S3: general. In general, I will say the thing that helped me the most with that problem was this concept of deconstructing dinner. Anyone who spent a minute of time on dinner, our love story knows about this theory, but it basically like, there is a delight. There’s a meal I made called salmon salad, which is basically like a roast salmon that’s tossed with a bunch of simmered vegetables like green beans and potatoes and corn, its summer and tomatoes. It’s all tossed together with a bright dressing like, I believe, a very basic vinaigrette, and it’s just the most requested meal in my house. My daughters are both coming home next week, and they’ve both requested it for their coming home dinner. But when they were young, they wouldn’t. They wouldn’t touch it. They didn’t like everything mixed together, right? And one of them didn’t like salmon. The other didn’t like potatoes. You know how it goes. And so what we would do when we we’d already been cooking that long before we had kids, we’d been making this dinner. And so what we ended up doing with that and many, many other meals was we would it’s so, it’s so silly. It’s kind of brilliant, like we would just deconstruct it. And before we put it all together, we would make the little piles of. Here are some potatoes. Here’s the beans. Here’s the salmon. And so that way, you know, your picky kid can just pick exactly what he or she wants, and your adventurous eater can eat it the way you know you’re eating it. And then everyone is happy and you’re not making a thousand different meals, but you can take this concept and use it with almost anything. You can do it with soups you can like. We have a tortilla soup where you can just basically, like, deconstruct it into a pile of chicken, pile of avocado, pile of tortilla chips. For someone who’s like a little pickier, maybe with like a dip of of the chicken so that they can pretend that there’s some kind of soup element on the plate. But but then eventually, like the more if the if the picky kid is eating soup that way and he and they’re looking at the way everyone else is eating it, eventually it’s going to all come together and that that is what happened with the salmon salad and with everything else in my house. So that’s the happy ending. So that’s my advice.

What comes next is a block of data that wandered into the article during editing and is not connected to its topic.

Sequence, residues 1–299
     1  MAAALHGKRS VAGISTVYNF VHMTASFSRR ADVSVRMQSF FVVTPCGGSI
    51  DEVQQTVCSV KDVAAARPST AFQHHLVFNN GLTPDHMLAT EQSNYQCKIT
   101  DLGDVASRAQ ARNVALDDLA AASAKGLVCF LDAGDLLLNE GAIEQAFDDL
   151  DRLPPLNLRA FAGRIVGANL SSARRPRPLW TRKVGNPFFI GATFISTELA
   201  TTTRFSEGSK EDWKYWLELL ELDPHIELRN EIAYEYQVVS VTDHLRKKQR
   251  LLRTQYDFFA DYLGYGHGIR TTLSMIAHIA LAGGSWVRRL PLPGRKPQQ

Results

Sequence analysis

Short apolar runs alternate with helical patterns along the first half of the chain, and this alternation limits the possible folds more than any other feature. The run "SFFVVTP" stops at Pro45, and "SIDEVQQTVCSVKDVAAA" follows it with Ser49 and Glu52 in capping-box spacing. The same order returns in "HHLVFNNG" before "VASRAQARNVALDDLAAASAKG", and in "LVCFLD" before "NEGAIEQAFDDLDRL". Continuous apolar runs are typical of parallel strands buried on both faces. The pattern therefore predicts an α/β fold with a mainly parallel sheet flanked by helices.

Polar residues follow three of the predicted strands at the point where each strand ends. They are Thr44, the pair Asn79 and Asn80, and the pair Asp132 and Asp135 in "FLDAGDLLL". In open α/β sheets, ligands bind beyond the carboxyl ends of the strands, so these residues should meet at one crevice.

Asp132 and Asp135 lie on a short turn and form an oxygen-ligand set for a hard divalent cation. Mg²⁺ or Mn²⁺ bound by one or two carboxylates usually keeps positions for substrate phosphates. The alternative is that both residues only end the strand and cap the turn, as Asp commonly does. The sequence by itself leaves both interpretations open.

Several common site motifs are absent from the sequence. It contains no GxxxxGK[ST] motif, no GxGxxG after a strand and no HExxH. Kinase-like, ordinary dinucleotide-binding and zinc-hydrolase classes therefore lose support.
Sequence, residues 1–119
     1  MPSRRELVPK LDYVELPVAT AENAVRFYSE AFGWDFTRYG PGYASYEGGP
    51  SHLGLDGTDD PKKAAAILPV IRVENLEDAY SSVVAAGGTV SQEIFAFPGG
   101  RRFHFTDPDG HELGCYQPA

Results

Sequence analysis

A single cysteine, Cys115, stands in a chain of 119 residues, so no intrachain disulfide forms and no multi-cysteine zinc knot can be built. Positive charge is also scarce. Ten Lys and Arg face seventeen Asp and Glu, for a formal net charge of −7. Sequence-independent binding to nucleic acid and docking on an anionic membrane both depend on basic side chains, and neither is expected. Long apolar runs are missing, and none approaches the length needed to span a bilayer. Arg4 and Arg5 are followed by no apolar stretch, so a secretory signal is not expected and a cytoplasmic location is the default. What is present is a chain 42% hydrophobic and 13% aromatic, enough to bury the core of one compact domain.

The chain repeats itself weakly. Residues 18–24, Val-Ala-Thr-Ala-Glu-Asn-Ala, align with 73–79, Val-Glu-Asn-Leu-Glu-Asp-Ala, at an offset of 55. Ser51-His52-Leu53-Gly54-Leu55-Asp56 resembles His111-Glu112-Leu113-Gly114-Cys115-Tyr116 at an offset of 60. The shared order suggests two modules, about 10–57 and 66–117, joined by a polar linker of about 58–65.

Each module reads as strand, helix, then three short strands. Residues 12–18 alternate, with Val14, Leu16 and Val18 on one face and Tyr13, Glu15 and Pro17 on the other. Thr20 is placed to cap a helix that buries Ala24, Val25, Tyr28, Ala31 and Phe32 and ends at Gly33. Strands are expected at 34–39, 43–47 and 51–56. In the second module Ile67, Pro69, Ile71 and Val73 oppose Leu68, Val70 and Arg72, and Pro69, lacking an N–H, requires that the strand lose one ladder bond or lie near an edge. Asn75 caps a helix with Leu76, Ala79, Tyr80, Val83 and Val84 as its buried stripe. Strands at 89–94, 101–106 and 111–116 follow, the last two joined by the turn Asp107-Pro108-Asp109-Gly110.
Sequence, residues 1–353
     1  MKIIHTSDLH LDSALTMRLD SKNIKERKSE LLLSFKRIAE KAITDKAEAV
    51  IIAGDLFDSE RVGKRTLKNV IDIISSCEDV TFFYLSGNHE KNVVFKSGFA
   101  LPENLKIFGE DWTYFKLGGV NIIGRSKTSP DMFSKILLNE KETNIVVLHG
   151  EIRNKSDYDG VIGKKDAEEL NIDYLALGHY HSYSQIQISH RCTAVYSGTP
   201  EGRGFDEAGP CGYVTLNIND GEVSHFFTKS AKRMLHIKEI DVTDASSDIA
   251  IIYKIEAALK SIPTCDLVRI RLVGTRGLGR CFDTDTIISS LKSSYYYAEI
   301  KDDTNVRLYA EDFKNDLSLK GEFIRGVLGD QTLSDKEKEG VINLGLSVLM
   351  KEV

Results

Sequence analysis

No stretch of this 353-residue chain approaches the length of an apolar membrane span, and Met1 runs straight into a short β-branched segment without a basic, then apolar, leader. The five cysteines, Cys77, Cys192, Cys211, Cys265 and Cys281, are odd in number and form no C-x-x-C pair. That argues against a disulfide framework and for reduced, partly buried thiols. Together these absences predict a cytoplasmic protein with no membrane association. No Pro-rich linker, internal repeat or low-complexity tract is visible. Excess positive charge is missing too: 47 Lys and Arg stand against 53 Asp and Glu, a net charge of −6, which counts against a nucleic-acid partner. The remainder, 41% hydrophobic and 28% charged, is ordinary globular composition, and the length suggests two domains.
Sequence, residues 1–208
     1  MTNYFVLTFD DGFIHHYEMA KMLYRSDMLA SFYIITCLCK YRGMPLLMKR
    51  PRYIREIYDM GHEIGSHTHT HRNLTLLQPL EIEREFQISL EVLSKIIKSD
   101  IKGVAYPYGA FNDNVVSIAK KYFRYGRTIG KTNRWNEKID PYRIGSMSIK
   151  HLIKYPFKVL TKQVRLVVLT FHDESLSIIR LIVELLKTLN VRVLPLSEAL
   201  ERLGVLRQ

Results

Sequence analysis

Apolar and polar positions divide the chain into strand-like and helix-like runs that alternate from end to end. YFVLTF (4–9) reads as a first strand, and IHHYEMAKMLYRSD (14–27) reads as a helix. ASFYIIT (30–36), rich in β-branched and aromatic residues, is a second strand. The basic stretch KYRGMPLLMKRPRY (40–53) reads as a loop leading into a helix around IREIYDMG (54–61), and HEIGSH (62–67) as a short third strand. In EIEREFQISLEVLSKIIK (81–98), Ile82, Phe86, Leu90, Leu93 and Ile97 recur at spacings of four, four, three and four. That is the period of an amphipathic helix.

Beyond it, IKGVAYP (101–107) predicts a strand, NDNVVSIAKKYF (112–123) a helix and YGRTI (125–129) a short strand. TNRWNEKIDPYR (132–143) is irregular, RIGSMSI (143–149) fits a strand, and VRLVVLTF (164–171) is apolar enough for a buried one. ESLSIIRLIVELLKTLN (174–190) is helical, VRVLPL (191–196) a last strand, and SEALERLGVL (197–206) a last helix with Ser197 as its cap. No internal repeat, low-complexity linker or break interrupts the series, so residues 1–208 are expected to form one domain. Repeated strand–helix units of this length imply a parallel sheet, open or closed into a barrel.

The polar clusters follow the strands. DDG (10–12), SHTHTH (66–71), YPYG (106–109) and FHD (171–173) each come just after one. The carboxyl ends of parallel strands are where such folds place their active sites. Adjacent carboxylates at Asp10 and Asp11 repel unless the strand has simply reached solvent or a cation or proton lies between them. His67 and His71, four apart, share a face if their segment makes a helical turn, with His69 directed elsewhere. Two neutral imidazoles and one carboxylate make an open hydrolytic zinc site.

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S2: That is a happy ending. That’s brilliant. I’m definitely going to try this. Is there anything else you want to say about family or Thanksgiving or just anything you want to express?